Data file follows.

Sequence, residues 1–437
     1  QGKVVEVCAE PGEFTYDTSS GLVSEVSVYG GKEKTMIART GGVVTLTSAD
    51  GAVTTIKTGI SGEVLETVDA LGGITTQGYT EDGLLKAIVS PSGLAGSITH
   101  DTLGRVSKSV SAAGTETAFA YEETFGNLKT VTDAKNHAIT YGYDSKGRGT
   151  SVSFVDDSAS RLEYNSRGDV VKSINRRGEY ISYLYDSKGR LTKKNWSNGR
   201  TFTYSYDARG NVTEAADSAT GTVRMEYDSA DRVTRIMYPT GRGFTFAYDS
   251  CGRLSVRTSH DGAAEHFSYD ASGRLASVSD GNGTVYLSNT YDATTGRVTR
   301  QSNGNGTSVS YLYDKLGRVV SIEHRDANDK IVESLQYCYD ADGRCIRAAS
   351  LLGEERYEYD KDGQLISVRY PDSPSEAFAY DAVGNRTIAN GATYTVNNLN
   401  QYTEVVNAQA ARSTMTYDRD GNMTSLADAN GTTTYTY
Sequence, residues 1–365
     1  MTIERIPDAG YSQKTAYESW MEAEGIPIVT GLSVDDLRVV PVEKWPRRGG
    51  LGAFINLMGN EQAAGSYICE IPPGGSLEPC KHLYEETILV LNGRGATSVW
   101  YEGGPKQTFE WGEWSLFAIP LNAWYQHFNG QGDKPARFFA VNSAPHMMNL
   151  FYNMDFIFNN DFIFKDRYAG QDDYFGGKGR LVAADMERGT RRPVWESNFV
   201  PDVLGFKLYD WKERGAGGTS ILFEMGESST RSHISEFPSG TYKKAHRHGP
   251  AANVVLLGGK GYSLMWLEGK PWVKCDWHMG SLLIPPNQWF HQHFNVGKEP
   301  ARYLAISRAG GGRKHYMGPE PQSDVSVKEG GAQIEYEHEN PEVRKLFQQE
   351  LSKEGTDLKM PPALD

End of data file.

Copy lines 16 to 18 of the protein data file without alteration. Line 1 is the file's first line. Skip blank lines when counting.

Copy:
   201  PDVLGFKLYD WKERGAGGTS ILFEMGESST RSHISEFPSG TYKKAHRHGP
   251  AANVVLLGGK GYSLMWLEGK PWVKCDWHMG SLLIPPNQWF HQHFNVGKEP
   301  ARYLAISRAG GGRKHYMGPE PQSDVSVKEG GAQIEYEHEN PEVRKLFQQE